One cannot talk about causal models without talking about Judea Pearl.

Judah Pearl won the Turing award in computer science for inventing Bayesian networks. Since then, he has rejected Bayesian networks in favor of causal inference models.

He also won The Frontiers of Knowledge Award for "laying the foundations of modern artificial intelligence, so computer systems can process uncertainty and relate causes to effects"

You can learn how causal models work and how they can model reality here by reading his book "The Book of Why" (2018) or watching this Microsoft Plenary video.

Q: Causal Inference Models vs. Statistical Models vs. Symbolic Models


Causal Inference Models Statistical Models Symbolic Models
Ontology A graph of causal relations Probability Expressions Structured Sentences
Handling of Time Handles time well, even at various scales Models two points: Before & After. Time interperted by a human and not easily automatable Terrible at representing time
Application to individual cases & access real world Handles individual cases well & easily refers to the real world Can't handle individual cases at all. Human interpertation needed to apply to the real world Can't handle statistics well. Human interpertation needed to apply to the real world


Causal Inference Models: Level 3 answer:

The knowledge store we are using in this project uses a language for making models called Proteus.

What does Proteus look like?

"JSON + Time + sparse lists + references/expressions + abstractions"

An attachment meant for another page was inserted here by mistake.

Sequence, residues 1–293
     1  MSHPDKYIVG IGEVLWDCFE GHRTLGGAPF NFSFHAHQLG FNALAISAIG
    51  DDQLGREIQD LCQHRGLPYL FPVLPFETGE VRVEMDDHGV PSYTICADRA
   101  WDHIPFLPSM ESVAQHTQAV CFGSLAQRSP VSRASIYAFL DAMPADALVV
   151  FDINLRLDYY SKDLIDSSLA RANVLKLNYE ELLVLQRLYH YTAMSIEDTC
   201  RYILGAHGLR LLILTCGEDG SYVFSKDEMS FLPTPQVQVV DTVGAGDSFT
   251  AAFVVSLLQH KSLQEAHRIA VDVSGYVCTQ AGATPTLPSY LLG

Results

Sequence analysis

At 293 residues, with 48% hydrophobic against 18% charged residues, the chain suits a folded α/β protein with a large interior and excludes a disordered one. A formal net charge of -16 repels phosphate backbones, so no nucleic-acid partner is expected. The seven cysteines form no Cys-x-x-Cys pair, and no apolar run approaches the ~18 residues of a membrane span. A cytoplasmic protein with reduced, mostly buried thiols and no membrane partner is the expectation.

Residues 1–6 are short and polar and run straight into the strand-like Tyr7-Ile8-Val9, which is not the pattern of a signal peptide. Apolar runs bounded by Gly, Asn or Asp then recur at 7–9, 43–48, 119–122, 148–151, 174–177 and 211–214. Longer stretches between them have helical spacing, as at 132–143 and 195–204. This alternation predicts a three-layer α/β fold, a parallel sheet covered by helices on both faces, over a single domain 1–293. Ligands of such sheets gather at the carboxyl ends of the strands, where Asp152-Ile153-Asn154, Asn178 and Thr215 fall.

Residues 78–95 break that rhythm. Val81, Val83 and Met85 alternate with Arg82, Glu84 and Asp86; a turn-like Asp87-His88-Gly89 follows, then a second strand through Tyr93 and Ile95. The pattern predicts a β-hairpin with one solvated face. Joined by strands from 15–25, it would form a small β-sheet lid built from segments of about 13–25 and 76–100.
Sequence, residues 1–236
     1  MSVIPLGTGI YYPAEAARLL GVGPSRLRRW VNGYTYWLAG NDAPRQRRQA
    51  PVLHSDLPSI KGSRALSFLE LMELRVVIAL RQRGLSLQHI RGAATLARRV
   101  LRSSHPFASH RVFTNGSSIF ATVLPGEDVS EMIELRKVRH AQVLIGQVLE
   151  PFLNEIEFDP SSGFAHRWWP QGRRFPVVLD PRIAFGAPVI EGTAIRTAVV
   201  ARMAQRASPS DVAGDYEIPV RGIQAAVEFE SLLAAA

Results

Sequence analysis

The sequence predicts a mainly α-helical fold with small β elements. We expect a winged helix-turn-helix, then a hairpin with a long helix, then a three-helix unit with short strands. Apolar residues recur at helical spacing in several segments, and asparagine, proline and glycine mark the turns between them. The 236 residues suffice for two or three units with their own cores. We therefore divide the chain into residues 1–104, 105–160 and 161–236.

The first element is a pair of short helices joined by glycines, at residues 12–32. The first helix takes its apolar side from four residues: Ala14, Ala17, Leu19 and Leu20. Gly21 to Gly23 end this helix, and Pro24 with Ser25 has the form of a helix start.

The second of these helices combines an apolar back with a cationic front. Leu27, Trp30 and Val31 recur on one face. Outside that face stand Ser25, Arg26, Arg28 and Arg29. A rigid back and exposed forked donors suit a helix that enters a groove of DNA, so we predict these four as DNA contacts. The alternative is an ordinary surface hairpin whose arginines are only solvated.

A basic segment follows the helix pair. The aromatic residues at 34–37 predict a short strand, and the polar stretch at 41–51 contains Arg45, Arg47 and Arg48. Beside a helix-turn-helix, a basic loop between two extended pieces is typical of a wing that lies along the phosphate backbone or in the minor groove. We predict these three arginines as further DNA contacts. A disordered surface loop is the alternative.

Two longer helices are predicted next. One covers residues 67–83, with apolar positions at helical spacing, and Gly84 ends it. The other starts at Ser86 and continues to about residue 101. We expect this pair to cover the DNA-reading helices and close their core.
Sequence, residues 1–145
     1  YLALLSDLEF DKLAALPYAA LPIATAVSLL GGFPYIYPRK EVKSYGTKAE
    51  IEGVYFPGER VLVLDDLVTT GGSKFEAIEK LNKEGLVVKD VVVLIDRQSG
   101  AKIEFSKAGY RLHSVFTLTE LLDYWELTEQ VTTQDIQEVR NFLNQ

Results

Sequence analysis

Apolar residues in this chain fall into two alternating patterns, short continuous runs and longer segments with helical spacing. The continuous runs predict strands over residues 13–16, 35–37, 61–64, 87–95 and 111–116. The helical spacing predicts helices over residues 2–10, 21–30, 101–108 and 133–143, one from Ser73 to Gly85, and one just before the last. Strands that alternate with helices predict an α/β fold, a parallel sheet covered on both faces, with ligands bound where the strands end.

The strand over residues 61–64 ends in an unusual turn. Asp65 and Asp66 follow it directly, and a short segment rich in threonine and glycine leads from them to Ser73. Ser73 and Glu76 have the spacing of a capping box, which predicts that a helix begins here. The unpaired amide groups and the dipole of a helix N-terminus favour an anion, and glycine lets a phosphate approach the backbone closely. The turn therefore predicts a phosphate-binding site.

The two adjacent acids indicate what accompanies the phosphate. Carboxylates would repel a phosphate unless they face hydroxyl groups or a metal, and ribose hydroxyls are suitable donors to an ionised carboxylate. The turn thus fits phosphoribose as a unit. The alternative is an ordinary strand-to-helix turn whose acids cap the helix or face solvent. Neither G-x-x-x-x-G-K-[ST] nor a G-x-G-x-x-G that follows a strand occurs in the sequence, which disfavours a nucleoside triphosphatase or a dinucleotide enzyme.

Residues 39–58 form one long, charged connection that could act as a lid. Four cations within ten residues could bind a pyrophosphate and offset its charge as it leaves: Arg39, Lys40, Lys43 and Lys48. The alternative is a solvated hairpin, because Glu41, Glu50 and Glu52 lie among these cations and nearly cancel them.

Given the "mathyness" of the papers on causal models it might seem that Causal Inference models will be hard to understand. Actually, they can be quite intuitive. Causal Inference Models, as we are using them, are created and stored as text files or streams. Let us quickly develop some intuitions about them!

Start by considering how JSON can be used to store the state-at-an-instant of anything. Even quantum systems.

Here is a JSON example from the web:

    “participant”: { 
        “name”: “rose”, 
        “age”:  “17”, 
        “status”: “enrolled”

Here is the same thing in Proteus:
    participant: { 
        name: rose, 
        age:  17, 
        status: enrolled

The obvious difference is that the quotes are gone. Proteus does have strings, but in this case, all the items given can be from abstractions, or "classes" whose behavour or meaning is defined elsewhere.

Notice that these models record something about "rose" at an instant in time. They do not capture that Rose may later change her name, become older or become 'unenrolled' later. Nor does it represent her past.

To represent how a system changes over time we have lists that record how the state of a system has changed over time. That brings up another problem: The list would be too big if they had to list every state an object ever had or has. So we have sparse lists. We also need to populate the lists with expressions and references instead of literal values, making them Turing complete. For the Time lists, the expressions refer to previous values so that they update correctly through time. Representing how a system would change over time in different situations is where Causal Inference Models really shine.

"Proteus = JSON + Time + sparse lists + references/expressions + abstractions" captures the basic intuition about how Proteus-based causal models look.